Magazine article The American Conservative

Buckley against Vidal: They Were "Best of Enemies"-And Eerily Similar

Magazine article The American Conservative

Buckley against Vidal: They Were "Best of Enemies"-And Eerily Similar

Article excerpt

"Do you care to read the context or shall I cram it down your throat?"

--William F. Buckley Jr.

Context matters in the coruscating new documentary "Best of Enemies." Why should today's moviegoers care about a long-ago televised clash of political debaters? Because the debaters in question happened to be William F. Buckley Jr. and Gore Vidal, two of the most articulate intellectual exponents of the political right and left, and because their clash would have enduring repercussions for the combatants and, arguably, for the nature of media commentary ever since.

In the summer of 1968, ABC News, desperate to change its cellar-dwelling status in the television ratings, abandoned the time-honored format of continuous coverage of the Republican and Democratic presidential conventions. Instead, the network would air a nightly hour-and-a-half series of highlights anchored by a debate between opposing public intellectuals. ABC paid Buckley and Vidal $10,000 apiece to appear in 10 debates, split between the GOP convention in Miami Beach and the Democratic convention in Chicago.

In choosing Buckley and Vidal, ABC was aiming for maximal controversy. For one thing, the ideological distance between the two men was considerably greater than the distance between the two parties in those days. Buckley was the founder of the modern conservative movement, which regarded the Republican Party much as pirates would regard a merchant ship to be boarded, while the bestselling novelist Vidal by 1968 had come to identify with the radical left that viewed the Democratic Party as one more establishment to be overthrown. And both men, though they seldom met in person, loathed each other.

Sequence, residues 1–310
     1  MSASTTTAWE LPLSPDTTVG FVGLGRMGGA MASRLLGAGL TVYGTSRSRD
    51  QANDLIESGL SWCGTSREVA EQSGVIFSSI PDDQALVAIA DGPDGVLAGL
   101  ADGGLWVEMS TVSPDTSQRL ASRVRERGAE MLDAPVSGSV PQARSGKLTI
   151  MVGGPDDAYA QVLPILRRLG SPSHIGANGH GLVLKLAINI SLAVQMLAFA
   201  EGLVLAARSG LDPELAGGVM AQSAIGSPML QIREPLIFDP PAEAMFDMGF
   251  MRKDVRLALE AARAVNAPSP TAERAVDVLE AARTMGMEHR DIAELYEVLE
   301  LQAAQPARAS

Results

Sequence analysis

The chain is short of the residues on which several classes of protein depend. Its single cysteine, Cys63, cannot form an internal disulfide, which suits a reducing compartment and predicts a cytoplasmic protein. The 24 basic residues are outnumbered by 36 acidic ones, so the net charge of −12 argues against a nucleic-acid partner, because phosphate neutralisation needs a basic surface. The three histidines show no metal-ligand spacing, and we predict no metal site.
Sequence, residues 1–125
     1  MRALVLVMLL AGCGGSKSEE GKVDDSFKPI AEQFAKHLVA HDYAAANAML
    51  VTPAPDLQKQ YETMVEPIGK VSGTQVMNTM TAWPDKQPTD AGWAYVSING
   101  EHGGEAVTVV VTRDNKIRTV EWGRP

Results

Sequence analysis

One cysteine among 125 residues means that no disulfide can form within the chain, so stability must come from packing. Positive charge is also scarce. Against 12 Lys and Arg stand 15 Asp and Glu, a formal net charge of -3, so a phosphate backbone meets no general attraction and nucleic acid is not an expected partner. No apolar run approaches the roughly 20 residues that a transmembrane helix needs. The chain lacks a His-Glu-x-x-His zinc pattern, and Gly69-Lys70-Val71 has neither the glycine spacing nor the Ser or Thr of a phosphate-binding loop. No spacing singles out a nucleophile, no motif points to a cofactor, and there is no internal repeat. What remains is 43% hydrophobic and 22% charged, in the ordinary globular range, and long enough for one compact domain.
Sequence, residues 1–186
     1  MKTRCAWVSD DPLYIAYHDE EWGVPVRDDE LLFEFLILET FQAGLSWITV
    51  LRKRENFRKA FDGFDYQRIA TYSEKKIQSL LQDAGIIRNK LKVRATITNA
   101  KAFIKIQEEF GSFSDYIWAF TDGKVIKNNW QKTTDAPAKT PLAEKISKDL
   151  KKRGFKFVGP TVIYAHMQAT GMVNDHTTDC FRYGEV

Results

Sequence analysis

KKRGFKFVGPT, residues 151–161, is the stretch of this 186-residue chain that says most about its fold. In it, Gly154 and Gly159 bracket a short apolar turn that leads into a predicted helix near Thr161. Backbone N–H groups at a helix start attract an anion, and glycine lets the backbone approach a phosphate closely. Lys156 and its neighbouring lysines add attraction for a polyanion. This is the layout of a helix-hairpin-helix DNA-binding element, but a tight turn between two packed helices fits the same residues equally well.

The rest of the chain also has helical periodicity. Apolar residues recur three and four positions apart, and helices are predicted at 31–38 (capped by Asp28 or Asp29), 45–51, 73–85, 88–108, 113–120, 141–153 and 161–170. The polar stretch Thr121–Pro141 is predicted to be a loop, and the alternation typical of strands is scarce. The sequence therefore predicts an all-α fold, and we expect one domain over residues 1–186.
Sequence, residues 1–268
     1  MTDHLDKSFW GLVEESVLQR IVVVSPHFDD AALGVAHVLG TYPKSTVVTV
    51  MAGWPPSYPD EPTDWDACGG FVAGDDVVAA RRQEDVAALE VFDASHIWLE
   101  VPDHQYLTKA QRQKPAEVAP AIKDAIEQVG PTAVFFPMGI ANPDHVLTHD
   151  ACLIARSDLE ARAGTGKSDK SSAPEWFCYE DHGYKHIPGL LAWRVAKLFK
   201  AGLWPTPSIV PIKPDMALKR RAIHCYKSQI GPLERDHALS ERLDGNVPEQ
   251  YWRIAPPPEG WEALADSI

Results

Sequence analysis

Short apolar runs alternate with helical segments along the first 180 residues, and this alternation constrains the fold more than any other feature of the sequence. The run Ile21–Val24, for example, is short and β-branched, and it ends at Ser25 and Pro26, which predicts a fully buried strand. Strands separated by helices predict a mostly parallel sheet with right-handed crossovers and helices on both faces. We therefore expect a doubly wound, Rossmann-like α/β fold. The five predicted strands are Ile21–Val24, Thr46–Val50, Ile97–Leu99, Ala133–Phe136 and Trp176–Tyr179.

Vidal saw Buckley as an anti-democratic reactionary pushing the country toward destruction, a danger to the Republic whom Vidal had a responsibility to stop. Buckley for his part was appalled by Vidal. He wasn't so much threatened by his debate partner's open bisexuality--his wife's best friends tended to be gay men--or Vidal's extreme left-wing political positions, which he thought predictable. But Buckley viewed Vidal's multimillion-selling novel Myra Breckenridge, with its transsexual heroine and celebration of polymorphic perversion, as genuinely corrosive. It was a "crazed" assault, he wrote, on "traditional, humane sexual morality: on the family as the matrix of society: on the survival of heroism, on the very idea of heroism." Buckley considered Vidal "the devil," in the words of Vidal's biographer Fred Kaplan: "He represented everything that was going to moral hell, that was degenerative about the country."

And yet, as the documentary emphasizes, both men were in many ways curiously alike. Both were wealthy, erudite, prep school trained and classically educated society fixtures with languid lockjaw accents, who seemed to embody the WASP upper class. Yet in fact both were outsiders and critics of that establishment--Buckley because of his conservatism and his father's Texas frontier origins, Vidal because of his sexuality and iconoclastic instincts--in an era of centrist consensus.

Both men had political aspirations that were cut short when they ran up against more skillful establishment politicians. Buckley lost to liberal Republican John Lindsay in the 1965 New York City mayoral race, even though he pointed the way toward the GOP future by attracting angry white ethnics from the city's outer boroughs. Vidal came from a distinguished Democratic political lineage--his grandfather was a senator from Oklahoma--and garnered his in-law John F. Kennedy's endorsement in his 1960 New York congressional campaign. Unfortunately for his political career, he fell out with the Kennedy clan when he clashed with Bobby, whom he improbably regarded as a presidential rival.

Vidal's 1960 play "The Best Man" (later made into a 1964 movie) epitomized the mid-century Democratic hope that the masses would recognize their proper ruler in a witty, progressive, Adlai Stevenson-esque patrician. …

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